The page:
A Precursory Look Into Plant-based Green Jet Fuels
Jet fuels are primarily made from petroleum. Most of the jet fuel that commercial airliners use today are highly processed and are mixed with different additives, in order to keep its energy output efficiency (combustion rate) at a regulated level dictated by modern aviation standards.
With the exponential increase of the price of fossil fuels for the last few years, one of the industries that suffer the most economically is the airline industry. The price of jet fuel has inevitably risen to a point that the urgency of successfully finding an alternative is now greatly stressed.
Fortunately though, researchers have been studying and developing new different kinds of biofuel that is optimized for use in jet engines and aviation. These green jet fuels won’t be extracted from regular crops however, as they are to be produced using these three “salt-based” green sources:
Algae are perhaps one of the best known sources of alternative jet fuel today. The research to extract oil contents of algae has been going on for many years, but it has only been viewed with more interest nowadays due to the sharp rise of jet fuel prices. The method of producing the fuel is similar from the oil extraction process used in crops for vegetable oil. One of the most critical advantages of algae-based green jet fuel is that the “crop” itself is harmless to the environment, and can be grown easily without disturbing the allocated resources that would otherwise be used for food crops (for example, as opposed to corn-based ethanol).
Seaweed (and other Macroalgae)
The primary focus of algae jet fuel research is on microalgae. This is because they can be grown faster and are usually less complex (in structure). However, depending on the availability, researchers might also opt to grow and develop macroalgae such as seaweed for green jet fuel production. While there aren’t any readily available seaweed-based green jet fuels for commercial use yet, a few future aircraft designs, such as the proposed Zero Emission Hypersonic Transportation (ZEHST) plane, are already slated to use eventually seaweed oils as fuel.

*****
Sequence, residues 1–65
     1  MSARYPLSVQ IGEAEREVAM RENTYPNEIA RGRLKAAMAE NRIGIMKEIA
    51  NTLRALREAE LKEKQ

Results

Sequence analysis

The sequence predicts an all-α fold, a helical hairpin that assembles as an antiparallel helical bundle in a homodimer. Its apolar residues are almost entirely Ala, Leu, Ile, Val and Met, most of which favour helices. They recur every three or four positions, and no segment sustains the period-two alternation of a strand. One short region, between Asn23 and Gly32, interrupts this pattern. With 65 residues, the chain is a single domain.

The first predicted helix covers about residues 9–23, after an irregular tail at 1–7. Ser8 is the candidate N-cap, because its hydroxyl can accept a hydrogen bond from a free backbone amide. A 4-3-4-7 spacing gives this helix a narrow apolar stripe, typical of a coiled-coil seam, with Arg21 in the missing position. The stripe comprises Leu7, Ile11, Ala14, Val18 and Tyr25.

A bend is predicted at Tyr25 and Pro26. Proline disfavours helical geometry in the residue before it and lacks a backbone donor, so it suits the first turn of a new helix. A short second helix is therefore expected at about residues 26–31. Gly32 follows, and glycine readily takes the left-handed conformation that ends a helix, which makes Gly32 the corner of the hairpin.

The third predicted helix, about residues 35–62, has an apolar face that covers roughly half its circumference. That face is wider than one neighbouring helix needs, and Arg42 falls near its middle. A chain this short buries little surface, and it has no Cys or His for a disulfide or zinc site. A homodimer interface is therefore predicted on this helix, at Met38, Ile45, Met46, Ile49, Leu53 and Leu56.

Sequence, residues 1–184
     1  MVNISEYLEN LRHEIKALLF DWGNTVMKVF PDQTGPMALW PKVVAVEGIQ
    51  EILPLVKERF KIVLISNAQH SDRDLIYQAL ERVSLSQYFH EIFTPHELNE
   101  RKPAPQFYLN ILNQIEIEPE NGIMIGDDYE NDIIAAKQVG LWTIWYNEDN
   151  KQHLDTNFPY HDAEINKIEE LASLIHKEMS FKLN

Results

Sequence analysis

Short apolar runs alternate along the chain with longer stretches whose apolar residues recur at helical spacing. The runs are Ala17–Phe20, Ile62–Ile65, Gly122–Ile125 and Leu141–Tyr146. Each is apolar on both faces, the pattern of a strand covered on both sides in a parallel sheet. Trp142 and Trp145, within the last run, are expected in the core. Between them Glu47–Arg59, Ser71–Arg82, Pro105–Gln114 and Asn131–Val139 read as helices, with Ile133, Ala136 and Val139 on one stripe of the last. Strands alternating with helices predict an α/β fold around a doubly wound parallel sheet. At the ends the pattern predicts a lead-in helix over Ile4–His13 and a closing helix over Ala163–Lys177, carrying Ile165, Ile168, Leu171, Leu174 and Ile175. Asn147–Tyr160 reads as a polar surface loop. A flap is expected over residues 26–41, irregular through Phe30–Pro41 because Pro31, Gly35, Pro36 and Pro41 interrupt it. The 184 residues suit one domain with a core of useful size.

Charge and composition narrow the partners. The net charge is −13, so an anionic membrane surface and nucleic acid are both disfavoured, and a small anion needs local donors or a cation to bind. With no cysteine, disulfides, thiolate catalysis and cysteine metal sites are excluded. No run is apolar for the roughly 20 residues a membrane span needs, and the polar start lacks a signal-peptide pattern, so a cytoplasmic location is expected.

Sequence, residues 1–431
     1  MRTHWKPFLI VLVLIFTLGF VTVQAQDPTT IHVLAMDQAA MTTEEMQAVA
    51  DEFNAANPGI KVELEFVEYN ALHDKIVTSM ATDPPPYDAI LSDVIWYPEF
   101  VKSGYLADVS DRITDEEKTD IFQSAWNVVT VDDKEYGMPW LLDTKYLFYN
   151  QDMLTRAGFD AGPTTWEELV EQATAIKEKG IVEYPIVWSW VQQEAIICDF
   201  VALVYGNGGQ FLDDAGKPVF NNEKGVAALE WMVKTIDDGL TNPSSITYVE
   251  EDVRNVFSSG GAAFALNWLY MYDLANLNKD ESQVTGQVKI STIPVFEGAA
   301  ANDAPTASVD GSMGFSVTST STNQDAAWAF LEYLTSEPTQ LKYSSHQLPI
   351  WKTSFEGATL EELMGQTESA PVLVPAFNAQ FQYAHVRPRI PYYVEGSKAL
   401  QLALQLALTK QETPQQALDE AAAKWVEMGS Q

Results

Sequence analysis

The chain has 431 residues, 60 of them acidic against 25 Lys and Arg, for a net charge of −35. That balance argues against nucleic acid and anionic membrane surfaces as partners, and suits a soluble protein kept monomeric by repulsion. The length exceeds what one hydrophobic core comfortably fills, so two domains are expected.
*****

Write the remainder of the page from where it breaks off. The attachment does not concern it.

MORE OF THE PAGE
Halophytes are generally plants that can survive in aquatic environments that have high salinity levels. The fuel production method in these plants again does not exactly differ from the standard extraction method of regular biofuels, but they are usually bioengineered in order to be specifically resistant to salt content that are higher that what it could usually handle. The importance of this growth method is to preserve the world’s fresh water reservoir that is supposed to be used for drinking and for growing food crops. By making these plants thrive in pure seawater, green jet fuel production farms could be set up using the larger seas and oceans. NASA is currently researching on the production of the next generation green jet fuel using halophytes.
As with all other alternative energy sources, economical viability is the primary hurdle that these green jet fuels must overcome. However, with the prices of jet fuel growing exponentially each year, it might not be long before these alternative fuels gain the upper hand both in terms of price and availability.
Reasons to JOIN US include:
- It's absolutely FREE!
- Get Green Tips You MUST know about.
- How to's on going green, saving money, and having fun.
- Keep up-to-date on our posts in cased you missed them.